But conservationists stress that losing even small portions of land can have a major impact, especially on the supply of produce to urban markets. The 20 most-threatened prime farming areas identified by the AFT supply half of the fruit, two-fifths of the vegetables, and nearly a third of the dairy goods produced in the US.
Moreover, they question whether new technologies can continue to raise productivity to compensate for the disappearance of prime tillage. "It is a bad strategy to take a limited, unique land base and consume it because we think ... in the future we will invent our way out of the problem," says Harvey Jacobs, an urban planning expert at the University of Wisconsin in Madison.
The debate over urban sprawl is raging in northern Illinois and southern Wisconsin, where rapid development is colliding with some of America's best farmland. It has emerged as a key issue in several local elections. Few easy solutions are in sight.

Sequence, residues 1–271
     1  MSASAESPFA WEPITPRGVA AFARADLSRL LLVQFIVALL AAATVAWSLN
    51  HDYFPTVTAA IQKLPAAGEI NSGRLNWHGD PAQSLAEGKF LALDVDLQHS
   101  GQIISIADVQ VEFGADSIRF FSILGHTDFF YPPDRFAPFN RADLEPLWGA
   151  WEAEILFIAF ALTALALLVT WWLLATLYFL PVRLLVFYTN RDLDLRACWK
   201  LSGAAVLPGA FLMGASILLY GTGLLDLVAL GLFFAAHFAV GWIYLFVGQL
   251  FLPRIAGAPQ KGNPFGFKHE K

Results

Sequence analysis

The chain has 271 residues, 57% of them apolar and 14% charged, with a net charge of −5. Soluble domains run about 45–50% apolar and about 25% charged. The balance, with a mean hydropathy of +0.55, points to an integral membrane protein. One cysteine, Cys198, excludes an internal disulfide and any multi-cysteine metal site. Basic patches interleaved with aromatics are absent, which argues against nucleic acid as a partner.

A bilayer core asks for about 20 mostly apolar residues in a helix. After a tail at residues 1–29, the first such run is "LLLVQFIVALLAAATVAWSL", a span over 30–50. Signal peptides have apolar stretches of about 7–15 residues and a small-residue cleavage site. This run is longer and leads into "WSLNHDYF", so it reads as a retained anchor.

"Here it is," says AFT researcher Gerald Paulson as he drives over a ridge in Harvard, Ill. "It looks like a space ship just landed north of town." Down the road, a hulking silver Motorola plant rises above fields, dwarfing an old farmstand beside it.
The new Motorola plant, built on 500 acres of annexed farmland, is symbolic of the dramatic urbanization of McHenry County. The fastest growing farming county in the area, McHenry's population increased 35 percent from 1980 to 1992.
McHenry is typical of many farming communities pressured as developers, city dwellers, and suburbanites migrate deeper into rural areas in search of lower land prices and a higher quality of life. In a measure of the sprawl, from 1970 to 1990 the population of the Chicago metro area grew by 4 percent, while its lands expanded by more than 50 percent.